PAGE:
Giles Fraser, in The Guardian, writes about the 400th anniversary of the King James Bible in A Fetish for the Bible. He pleads for protection from all those who would make an idol of this book:
Have a guess who said this: “We are a Christian culture, we come from a Christian culture, and not to know the King James Bible is to be, in some small way, barbarian.” No, it’s not former archbishop George Carey complaining again about Christianity being marginalised in modern Britain. In fact this is Richard Dawkins, lending his support to next year’s 400th anniversary of the King James Bible. Fans of the feisty atheist need not worry that their hero has gone soft. “It is important that religion should not be allowed to hijack this cultural resource,” he added. I had a little chuckle at that one. Religion? Hijacking the Bible? Whatever next.
Except, of course, that is precisely what the KJB was: an attempt by the Church of England to control the religious and cultural agenda. A team of academics was established in 1604 to translate the Bible in such a way that it bolstered the authority of the established church. James I gave the specific instruction that the translation must toe the official line on the importance of bishops. The Greek word ekklesia was to be translated as “church”, rather than “congregation” or “assembly” – the translators thus giving the impression that the Bible proposes a top-down form of ecclesiastical authority. James insisted no notes were to be made in the margins of the text; it was in this dangerous commentary that the previous, more radical Geneva Bible had dared to question the divine right of kings.
And then there is the latest translation, also with its own bias, the NIV. USAToday reports:
A new e-Bible caught the Christmas sales wind last weekend.
Less than a week ago, Bible mega-publisher Zondervan released its newest translation of the New International Version of the Bible and saw it fly up the charts to become the top seller in the Apple store under Religion/Spirituality and No. 13 seller across all categories over Christmas weekend. On Amazon, it was No. 3, at $9.99 behind older Bibles selling for $1.99.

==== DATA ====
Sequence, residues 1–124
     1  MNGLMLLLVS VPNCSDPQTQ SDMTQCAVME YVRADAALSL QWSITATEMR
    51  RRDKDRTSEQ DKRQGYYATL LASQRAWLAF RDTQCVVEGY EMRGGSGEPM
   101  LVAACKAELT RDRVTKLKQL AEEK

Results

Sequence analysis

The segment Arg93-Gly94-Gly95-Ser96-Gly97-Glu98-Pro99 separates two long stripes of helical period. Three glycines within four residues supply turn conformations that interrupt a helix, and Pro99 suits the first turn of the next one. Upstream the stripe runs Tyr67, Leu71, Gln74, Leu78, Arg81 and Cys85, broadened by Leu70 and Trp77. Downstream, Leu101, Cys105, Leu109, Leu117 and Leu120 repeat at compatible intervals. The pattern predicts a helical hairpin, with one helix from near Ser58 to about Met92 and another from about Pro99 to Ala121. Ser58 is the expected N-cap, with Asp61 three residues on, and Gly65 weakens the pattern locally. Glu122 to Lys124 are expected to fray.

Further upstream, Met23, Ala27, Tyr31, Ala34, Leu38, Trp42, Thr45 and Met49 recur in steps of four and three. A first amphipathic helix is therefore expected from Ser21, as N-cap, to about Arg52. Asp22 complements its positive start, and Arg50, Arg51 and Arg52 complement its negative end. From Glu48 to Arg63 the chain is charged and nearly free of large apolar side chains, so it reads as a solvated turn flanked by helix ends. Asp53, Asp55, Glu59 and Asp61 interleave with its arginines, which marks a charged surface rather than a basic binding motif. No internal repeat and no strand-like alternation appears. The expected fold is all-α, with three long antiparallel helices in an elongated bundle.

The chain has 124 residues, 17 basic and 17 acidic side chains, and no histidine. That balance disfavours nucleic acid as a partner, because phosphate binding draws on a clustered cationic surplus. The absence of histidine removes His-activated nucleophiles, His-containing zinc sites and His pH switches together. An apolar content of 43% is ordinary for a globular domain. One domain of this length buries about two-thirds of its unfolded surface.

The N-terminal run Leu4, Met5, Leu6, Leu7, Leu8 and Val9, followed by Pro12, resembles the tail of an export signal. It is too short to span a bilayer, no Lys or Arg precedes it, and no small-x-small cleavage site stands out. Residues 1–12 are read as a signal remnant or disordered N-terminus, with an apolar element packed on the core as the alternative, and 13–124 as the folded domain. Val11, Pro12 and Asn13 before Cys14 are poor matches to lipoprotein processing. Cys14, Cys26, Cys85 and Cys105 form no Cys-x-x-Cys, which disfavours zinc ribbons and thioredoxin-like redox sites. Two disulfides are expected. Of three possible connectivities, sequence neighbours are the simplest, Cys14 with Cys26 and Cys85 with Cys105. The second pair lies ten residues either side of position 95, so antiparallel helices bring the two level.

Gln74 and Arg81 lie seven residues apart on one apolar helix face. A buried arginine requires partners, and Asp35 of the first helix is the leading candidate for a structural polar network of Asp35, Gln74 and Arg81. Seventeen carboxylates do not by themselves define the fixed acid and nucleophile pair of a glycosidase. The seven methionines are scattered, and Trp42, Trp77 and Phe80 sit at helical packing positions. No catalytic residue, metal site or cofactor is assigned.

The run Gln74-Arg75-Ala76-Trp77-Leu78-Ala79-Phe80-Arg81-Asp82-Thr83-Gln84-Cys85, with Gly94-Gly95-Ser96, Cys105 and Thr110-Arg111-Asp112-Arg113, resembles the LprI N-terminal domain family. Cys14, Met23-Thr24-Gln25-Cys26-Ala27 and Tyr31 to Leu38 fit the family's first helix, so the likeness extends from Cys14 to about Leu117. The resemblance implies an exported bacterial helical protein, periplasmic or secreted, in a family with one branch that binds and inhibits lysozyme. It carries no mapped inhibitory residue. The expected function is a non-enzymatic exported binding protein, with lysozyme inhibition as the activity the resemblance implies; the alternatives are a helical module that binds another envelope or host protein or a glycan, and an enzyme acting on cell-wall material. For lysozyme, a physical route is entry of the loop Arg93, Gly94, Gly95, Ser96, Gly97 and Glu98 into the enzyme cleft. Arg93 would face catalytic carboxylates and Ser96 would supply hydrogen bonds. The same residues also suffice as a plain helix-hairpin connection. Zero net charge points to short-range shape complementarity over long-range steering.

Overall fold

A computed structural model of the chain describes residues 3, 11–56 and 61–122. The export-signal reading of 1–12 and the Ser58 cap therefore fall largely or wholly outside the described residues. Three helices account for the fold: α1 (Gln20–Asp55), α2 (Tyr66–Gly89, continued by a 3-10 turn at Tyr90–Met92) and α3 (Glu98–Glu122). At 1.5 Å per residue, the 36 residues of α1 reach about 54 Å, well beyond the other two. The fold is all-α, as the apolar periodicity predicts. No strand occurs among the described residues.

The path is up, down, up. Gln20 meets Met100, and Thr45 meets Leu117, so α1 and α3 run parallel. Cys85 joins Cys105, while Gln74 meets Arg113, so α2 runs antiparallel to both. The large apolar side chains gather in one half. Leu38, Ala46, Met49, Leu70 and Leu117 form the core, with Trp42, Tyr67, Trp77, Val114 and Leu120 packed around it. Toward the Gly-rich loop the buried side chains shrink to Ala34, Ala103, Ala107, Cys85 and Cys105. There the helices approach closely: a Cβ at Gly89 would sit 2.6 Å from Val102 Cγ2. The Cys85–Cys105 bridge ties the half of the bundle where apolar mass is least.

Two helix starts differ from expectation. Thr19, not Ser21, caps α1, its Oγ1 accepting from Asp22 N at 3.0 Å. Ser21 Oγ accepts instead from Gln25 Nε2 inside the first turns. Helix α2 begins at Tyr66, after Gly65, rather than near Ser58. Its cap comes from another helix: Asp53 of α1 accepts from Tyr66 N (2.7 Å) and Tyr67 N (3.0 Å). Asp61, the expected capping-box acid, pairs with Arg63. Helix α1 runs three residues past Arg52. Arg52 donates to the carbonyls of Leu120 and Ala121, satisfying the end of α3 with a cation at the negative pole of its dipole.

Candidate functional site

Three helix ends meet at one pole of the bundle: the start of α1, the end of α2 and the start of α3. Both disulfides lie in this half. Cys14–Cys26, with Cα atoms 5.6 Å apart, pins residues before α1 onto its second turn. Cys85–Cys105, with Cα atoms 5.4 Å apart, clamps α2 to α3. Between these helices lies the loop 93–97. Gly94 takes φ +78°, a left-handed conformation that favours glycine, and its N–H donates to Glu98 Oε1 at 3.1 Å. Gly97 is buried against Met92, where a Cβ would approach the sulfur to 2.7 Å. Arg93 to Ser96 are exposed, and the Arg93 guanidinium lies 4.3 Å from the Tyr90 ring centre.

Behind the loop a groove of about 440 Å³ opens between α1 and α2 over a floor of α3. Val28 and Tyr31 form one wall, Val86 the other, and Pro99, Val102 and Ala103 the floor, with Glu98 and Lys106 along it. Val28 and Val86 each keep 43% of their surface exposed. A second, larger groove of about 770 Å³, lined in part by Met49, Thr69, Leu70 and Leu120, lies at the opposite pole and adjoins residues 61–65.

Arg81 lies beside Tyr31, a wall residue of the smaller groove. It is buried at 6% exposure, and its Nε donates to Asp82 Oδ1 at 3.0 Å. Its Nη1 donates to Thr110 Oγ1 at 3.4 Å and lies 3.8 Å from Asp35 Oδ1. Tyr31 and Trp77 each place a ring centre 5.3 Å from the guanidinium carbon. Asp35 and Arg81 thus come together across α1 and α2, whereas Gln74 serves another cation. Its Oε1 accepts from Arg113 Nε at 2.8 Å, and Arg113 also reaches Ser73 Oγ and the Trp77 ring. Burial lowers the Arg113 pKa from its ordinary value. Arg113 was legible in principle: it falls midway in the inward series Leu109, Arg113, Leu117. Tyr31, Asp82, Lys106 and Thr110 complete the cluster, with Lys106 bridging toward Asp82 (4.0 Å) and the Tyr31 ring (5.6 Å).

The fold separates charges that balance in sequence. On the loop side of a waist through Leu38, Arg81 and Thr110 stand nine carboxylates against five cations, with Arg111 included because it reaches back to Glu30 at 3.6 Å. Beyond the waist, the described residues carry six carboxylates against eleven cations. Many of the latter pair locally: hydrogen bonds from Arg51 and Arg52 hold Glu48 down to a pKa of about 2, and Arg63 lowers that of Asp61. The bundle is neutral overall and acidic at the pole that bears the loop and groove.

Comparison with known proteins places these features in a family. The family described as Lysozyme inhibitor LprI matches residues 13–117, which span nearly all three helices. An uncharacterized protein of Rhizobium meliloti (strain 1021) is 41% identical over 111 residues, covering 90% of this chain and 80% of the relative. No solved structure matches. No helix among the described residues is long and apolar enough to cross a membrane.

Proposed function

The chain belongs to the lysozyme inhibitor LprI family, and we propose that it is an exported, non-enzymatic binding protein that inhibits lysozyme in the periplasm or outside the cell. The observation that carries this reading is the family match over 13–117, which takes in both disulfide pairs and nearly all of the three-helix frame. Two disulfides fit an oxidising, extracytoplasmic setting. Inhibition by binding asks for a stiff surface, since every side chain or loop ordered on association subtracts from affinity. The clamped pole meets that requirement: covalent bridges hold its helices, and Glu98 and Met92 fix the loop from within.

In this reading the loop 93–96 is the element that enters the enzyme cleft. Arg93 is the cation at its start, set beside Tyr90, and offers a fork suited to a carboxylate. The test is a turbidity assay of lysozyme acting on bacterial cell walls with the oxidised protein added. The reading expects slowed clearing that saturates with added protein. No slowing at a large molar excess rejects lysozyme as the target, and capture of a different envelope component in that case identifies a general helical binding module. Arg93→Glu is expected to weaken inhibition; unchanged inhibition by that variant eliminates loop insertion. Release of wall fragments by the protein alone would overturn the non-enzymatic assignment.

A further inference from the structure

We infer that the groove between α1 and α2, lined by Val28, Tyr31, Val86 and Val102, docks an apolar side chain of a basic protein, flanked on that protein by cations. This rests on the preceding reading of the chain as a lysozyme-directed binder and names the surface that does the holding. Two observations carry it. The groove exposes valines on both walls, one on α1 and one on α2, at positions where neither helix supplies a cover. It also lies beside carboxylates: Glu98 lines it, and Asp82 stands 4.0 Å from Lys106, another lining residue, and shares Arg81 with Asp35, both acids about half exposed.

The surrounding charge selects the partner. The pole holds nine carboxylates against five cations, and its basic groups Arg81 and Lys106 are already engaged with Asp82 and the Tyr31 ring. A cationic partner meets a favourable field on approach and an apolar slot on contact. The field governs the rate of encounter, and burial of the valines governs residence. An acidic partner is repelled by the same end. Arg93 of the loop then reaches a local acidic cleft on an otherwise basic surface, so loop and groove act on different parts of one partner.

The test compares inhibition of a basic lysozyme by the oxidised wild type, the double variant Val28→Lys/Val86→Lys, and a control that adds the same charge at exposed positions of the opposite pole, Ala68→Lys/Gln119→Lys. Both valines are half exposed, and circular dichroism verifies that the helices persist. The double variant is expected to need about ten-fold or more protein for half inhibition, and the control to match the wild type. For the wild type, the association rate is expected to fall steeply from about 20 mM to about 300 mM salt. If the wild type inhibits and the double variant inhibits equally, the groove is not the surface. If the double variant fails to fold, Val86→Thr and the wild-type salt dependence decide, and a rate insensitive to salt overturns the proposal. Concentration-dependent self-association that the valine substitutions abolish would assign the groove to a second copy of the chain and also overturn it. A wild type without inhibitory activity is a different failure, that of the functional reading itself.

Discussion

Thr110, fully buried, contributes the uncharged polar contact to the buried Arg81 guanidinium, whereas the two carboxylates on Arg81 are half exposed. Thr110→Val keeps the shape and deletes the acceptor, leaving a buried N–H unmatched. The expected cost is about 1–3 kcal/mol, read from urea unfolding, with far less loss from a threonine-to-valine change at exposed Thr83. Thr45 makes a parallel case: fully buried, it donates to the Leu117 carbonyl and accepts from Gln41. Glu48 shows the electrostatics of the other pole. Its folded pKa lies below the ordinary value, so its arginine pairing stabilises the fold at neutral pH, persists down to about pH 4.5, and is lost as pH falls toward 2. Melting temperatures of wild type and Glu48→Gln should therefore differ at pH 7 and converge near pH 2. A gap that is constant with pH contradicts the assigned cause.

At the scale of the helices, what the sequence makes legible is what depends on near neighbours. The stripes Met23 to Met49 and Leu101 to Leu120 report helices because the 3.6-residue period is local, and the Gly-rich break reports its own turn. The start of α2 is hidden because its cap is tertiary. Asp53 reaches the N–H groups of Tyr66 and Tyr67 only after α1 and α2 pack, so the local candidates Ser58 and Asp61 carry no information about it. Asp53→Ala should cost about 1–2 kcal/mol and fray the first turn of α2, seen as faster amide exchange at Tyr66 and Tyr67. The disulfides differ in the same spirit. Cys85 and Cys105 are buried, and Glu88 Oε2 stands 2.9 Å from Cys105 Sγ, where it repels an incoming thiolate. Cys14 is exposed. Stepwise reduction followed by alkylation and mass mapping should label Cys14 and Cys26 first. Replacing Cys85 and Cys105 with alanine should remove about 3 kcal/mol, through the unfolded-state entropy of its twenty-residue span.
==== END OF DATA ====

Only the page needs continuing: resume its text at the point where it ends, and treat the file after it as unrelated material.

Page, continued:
This is the first time any Bible translation has gone straight to digital. The print version goes on sale in March.
Fraser notes: “…early editions [of the King James Bible] were vast tomes, to be placed on a lectern – unlike the tiny Tyndale Bible, made pocket-sized because it was contraband, banned by the church. When it comes to Bibles, size matters.”
And now you can download a Bible onto your iPod, iPad, Blackberry .. and size matters in a new way.
Ekklesia discusses Robert Alter’s Pen of Iron: American Prose and the King James Bible:
Alter, who teaches Hebrew and comparative literature at the University of California, Berkeley, argues that writing style is not merely based on aesthetics, but is, in fact, the essential medium through which writers conceive and present their literary visions. “Style is the great agent of transformation in the constructed worlds of novels,” Alter writes.
The great novel Moby-Dick by US writer Herman Melville, with its distinct style, was influenced by the King James Bible, as well as by the works of Milton and Shakespeare. The writing style “elevates the motley crew and crazed captain of a 19th century commercial whaler into the indelible actors of a cosmic drama”.
Alter also examines the works of William Faulkner, Ernest Hemingway, Saul Bellow, and contemporary writers Marilynne Robinson and Cormac McCarthy.
h/t to Louie Crew for providing a link to the Translators’ Preface to the 1611 Bible
And below is what the current Queen Elizabeth has to say about the Bible: